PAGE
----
The scene was familiar — the tears, the applause, the crown — but it was also something new. Daphne Smith, a 1992 graduate of Dora High School, made local history in February 1993 when she became the first black Miss Walker County.
"It was not her large doe eyes or demure poise that charmed the audience as did her incredible voice that would bring a grown man to his knees. Miss Smith carried off a spectacular performance of Whitney Houston's 'I Will Always Love You' from the movie 'The Bodyguard,'" the Daily Mountain Eagle reported.
The performance, hailed as "right up there with Miss Houston's film version," earned Smith the most talented title. In all, she won $1,800 in scholarships.
Smith, 18, was in her freshman year at Tuskegee University and had plans to pursue a medical degree.
Miss Walker County 1992 Amy Campbell had competed against Smith and was pleased to pass the crown on to her.
"I knew that last year if she ever decided to do it again, she would do real well. It feels good knowing that there's going to be somebody so deserving as Miss Walker County 1993," Campbell said.
Several months later, Kalyn Chapman James became the first African American to become Miss Alabama. The Kalyn Chapman James scholarship is awarded each year to the highest-scoring African American contestant in the Miss Alabama pageant.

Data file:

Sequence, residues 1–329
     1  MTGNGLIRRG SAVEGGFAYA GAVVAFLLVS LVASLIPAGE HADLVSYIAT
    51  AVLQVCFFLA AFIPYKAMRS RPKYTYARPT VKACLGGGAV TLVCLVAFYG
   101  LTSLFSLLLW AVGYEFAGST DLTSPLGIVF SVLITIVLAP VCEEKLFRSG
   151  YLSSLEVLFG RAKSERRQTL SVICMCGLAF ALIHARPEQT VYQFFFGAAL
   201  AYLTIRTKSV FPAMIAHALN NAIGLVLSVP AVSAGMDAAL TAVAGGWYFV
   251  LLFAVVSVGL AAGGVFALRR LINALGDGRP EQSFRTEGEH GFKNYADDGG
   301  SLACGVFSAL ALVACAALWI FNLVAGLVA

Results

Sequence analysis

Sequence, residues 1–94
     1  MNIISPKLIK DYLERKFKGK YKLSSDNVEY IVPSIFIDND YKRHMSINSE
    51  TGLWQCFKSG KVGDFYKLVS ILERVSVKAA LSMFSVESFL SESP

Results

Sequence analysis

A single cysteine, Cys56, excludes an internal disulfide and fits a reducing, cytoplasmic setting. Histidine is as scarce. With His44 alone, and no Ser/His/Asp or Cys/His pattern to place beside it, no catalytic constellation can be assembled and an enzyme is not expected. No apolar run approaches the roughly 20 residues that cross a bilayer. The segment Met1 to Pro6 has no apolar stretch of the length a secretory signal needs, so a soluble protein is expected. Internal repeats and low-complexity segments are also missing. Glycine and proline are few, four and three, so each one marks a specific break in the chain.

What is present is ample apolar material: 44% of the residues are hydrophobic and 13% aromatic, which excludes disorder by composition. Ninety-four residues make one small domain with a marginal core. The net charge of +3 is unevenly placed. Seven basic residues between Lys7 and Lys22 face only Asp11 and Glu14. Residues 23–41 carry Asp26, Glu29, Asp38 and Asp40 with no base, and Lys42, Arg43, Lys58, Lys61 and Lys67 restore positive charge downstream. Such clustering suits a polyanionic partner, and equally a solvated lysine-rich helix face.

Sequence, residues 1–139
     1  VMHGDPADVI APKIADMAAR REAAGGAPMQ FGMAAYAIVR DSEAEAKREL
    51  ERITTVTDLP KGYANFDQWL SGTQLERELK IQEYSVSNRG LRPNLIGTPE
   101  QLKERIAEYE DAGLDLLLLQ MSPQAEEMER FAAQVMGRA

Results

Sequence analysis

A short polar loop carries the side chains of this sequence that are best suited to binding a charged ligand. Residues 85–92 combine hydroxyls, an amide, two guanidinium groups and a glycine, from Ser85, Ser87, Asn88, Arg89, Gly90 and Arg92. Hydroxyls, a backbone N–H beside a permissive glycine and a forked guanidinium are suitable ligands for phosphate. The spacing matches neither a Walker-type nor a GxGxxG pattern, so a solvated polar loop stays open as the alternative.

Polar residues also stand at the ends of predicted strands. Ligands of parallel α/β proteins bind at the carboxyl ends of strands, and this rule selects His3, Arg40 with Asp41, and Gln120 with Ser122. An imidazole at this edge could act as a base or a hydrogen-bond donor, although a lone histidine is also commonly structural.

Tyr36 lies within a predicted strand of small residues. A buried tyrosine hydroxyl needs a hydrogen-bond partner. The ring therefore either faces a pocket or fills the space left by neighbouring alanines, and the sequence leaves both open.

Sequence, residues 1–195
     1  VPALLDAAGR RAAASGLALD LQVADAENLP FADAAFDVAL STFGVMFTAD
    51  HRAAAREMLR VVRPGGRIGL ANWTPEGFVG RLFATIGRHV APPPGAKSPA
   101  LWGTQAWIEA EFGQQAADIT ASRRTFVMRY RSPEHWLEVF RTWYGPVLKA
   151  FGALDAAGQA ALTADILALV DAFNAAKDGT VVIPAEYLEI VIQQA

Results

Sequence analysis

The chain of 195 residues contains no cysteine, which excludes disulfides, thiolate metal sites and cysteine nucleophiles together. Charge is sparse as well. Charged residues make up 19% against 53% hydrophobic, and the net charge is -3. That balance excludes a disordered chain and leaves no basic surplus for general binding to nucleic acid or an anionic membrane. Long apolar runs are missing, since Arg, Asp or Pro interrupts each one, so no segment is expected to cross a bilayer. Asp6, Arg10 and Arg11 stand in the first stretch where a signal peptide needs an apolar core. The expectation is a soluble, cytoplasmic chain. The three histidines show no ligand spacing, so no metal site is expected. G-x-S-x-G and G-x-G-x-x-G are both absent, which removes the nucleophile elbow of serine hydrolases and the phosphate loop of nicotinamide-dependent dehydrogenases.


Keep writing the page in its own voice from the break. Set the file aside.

Chapman placed in the Top 10 at Miss America 1994, which was won by Kimberly Aiken, the first black woman to be named Miss South Carolina.
Though I usually confine the column to a single year in history, I'd like to cheat a little bit and share one from February 1994. Last week, it was a familiar name that caught my eye. This week, it was a face.
Nakia Belser was a senior at Cordova High School when she was profiled as part of the Eagle's Black History Month coverage. Belser was an A student, president of the student government, an All-County volleyball player, an MVP basketball player, a star softball player and a cheerleader. She was also the mother of a 4-year-old. Young Kayla had just started kindergarten.
"A lot of people say it (motherhood) say it must change things, but I've always been a mature person. It never occurred to me to quit school. With the kind of family I have, there's no reason to. If I ever did, they'd be mad at me," Belser said.
Belser credited her mother, Louise, a nurse, with encouraging her to stay in school and helping her raise her daughter.
"I especially wanted to keep other people from holding this against Nikki. It was a mistake, but we were going to go on. No one ever told her, 'You aren't capable of this,'" Louise Belser told the Eagle.
About 10 years later, Nakia Belser was my yearbook sponsor for half a semester at CHS. She went on to a job as assistant director of financial aid at Miles College and has served on the Cordova City Council since 2018.
Kayla Belser also pursued a career in education. In 2017, she was one of three faculty members who shared stories of overcoming challenges during an assembly program on the first day of school.
Like her mother, Belser was active in athletics at CHS, graduated and went on to college. She has two degrees to her credit and was then working on a third.
"We all have that picture-perfect life that we think of with two parents in the home, and that's what we think we have to come from to be successful. You don't, but you do have to let the experiences that you have motivate you. Be determined that regardless of what you have to face every day that you're going to come in here and put your best foot forward. You can do whatever it is that you want to do, but you have to fight," Belser said.
Jennifer Cohron is the Daily Mountain Eagle's features editor.